Most times, he sat quietly watching the light shifting on black silk hair, remembering the way his beloved raised grey eyes to his, thinking about the power of his movement, remembering each moment, taking each one out like a jewel. It was beyond mere attraction, it was soul and bone deep. Elrohir commanded him.


... he smoothed his long fingers against Elrohir's heart, tracing a circle over his breast and said, 'You called my name.' A memory, submerged and lost ... of hands tracing the runes of his name, it had called to him…No, summoned, commanded him. And he had simply obeyed.


Now it was night and the march had ceased. All was quiet and he watched over Elrohir in the wagon for they did not unload the injured. He smoothed his hand over Elrohir's dark head and stroked the long black silk hair, let it run through his fingers, let it trail between them, let his breathing slow and listened to the sounds below the sounds of the world, deeper than his heartbeat, deeper than the thump of his own blood ... Then he heard the eagles call high over snow, far away, too high for them to heed him. He let himself drift. Memory took him onto the paths of Elven dreams...


'It is not me you want…' Elrohir had said gently pushing Legolas away and Legolas finding the resistance exciting, thinking still of the lingering, smouldering, yearning kiss he had from Elladan before, had pushed himself against the other Elf… Elrohir…


'Let me show you how much I don't want you,' Legolas had pressed Elrohir back against the thin timber wall and licked lazily down his mouth to his throat, traced the rounded tip of his ear. Wanting him, wanting him to respond, and still listening for the long notes of Elladan's song, like moonlight, like petals floating on still pools. Instead he found a hot red glow and fiery power, still vibrating from the fight to win Nestor back for the living… a fierce, pounding rhythm of fire and red leaping flames, an angry burning and longing…it was the song of the sword and of war.


He lingered on the memory. A stroke of desire caressed his skin, pooled in his belly. At the Morannon, despair had drowned him such as he had never known, of such intensity he thought he would die. Because he thought Elrohir lost.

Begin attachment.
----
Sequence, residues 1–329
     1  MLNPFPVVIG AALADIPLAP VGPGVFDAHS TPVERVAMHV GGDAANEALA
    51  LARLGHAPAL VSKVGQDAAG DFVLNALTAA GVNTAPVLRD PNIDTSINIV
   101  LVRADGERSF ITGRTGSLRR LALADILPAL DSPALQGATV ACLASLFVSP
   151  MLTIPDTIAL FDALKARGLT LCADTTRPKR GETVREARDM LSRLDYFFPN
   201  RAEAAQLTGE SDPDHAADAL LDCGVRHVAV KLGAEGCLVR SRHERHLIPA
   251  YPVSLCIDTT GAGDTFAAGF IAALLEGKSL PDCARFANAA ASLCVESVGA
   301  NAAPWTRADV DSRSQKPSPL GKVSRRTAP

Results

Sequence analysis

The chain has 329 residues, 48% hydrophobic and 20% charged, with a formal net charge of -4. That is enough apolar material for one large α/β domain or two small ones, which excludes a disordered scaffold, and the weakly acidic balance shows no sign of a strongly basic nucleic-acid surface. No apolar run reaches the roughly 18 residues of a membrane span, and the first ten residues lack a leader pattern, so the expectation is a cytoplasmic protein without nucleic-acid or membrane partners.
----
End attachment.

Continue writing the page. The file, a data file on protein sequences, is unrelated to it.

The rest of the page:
Thunder rolled and rolled around the valley, until it filled the air.  His hair crackled and prickles skittered over his skin. Immense pressure as if a storm were coming, built up, pressed down on him. But he did not care. He had seen the black horse fall beneath the great behemoth of the Nazgul and Elrohir had not emerged from the red dust that rose like flocks of birds. Legolas had bowed his head, his shoulders slumped slightly and he had covered his eyes with his hand for he thought he would die of grief that pierced him like the Morgul blade.


He had felt a rush of air, of heat, like a wildfire raging through the forest. Legolas lifted his head. His eyes widened, lips parted and before he could speak, Elrohir was before him, had cupped the back of Legolas' head and brought him close. Elrohir stared for a moment, and Legolas felt his heart searched, opened, penetrated and he was powerless. And then he was pulled to Elrohir, and he pressed his mouth against his, pushing between his lips as he gasped and Elrohir's tongue filled his mouth, fierce, brief, passionate. He heard eagles soar above the snow.


'I will find you,' he said, pulling back and Legolas gazed at him, full of wonder. 'When this is done, I will find you.' He pushed a loose hair back from Legolas' face. He did not pause but turned and strode down the slope. Men parted for him and turned their faces towards him in admiration for he was fell and fair and had braved the Nazgul and the Black Gate alone with Gandalf. Legolas filled with love and pride, and there was too, fear for he had seen the dreadful images of his own torment and he did not know what that meant.